Head of Educational Strategy

Sam Dicken

University of Cambridge, BA Natural Sciences (2013-2016)

Newcastle University, MA Clinical Science (2017-2020)

Guy’s and St Thomas’ NHS Foundation Trust, NHS Scientist Training Programme (2017-2020)

University College London, University of London, Medical Research Council DTP PhD Candidate (2020 - Ongoing)

Sam is currently a Medical Research Council funded PhD student at UCL and a registered Clinical Scientist. He received his training at Guy’s and St Thomas’ NHS Foundation Trust on the NHS Scientist Training Programme, specialising in vascular science.

Sam has built a wealth of clinical experience during his NHS scientific training, spending time in a range of settings including Cardiac, Sleep and Respiratory departments. He trained to perform vascular ultrasound to investigate patients with suspected cardiovascular disease. He has a passion for sports and exercise, representing Cambridge University 1st and 2nd XV in rugby and as a keen weightlifter and runner.

Sam has a career research focus looking at how diet, exercise and other lifestyle factors influence metabolism, body composition and long-term health, such as the development of cardiovascular disease. His interest lies in the continuum between health and disease, and how the very factors that may lead to disease and mortality are the same factors that allow individuals to become elite athletes or live long and healthy lives.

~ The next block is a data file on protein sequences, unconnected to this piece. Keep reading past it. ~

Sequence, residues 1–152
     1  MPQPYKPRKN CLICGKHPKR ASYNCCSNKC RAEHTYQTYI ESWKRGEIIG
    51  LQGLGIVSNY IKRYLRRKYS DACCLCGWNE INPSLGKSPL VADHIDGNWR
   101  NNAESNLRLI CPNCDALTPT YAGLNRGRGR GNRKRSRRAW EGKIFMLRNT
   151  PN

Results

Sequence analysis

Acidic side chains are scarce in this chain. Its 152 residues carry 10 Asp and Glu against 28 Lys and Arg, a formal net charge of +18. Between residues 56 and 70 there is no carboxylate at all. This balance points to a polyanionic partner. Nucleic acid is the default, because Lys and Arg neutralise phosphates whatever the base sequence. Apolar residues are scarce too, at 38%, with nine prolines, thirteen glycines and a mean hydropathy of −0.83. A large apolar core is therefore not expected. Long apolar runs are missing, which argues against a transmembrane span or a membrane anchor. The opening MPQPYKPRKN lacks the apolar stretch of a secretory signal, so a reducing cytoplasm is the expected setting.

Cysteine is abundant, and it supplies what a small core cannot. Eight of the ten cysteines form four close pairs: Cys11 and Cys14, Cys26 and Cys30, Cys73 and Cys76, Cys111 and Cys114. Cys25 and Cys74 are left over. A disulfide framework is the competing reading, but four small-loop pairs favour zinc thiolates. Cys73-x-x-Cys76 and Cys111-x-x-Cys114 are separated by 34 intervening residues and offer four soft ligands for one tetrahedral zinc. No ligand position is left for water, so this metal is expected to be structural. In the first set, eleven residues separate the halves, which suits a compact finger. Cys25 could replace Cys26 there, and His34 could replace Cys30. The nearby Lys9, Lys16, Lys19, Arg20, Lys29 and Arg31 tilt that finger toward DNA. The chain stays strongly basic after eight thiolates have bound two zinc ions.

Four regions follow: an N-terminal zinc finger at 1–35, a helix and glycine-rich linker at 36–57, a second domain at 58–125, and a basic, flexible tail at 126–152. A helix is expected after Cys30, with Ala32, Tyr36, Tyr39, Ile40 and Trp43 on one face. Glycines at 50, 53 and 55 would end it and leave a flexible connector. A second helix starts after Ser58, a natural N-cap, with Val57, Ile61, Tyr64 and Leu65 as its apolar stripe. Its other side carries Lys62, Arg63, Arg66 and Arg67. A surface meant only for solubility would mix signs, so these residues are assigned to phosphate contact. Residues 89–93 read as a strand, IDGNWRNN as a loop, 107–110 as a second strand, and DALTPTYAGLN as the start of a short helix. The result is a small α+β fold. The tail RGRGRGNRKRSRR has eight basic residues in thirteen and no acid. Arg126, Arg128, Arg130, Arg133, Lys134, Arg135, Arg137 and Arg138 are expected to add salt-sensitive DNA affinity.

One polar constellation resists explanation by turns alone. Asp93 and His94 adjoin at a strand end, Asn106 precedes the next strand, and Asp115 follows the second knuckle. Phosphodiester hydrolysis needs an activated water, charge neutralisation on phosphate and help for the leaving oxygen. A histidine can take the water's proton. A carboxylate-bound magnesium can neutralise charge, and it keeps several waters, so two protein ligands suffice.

Sam has a passion for taking complex science and making it easily understandable. His book, The Fitness Blueprint, combines his interests in exercise training with his career skills, research interests and the evidence-based approach of his clinical training. The Fitness Blueprint dispels common fitness myths and sets the truth straight about how to eat and train to lose fat and build muscle. He also runs a blog (www.SDicken.com) talking about what is known (and unknown) about important health topics such as diet and exercise, using scientific evidence.

Research Publications

Dicken S., et al. Characterisation of B.1.1.7 and Pangolin coronavirus spike provides insights on the evolutionary trajectory of SARS-CoV-2. bioRxiv, 2021

DOI: https://doi./10.1101/2021.03.22.436468,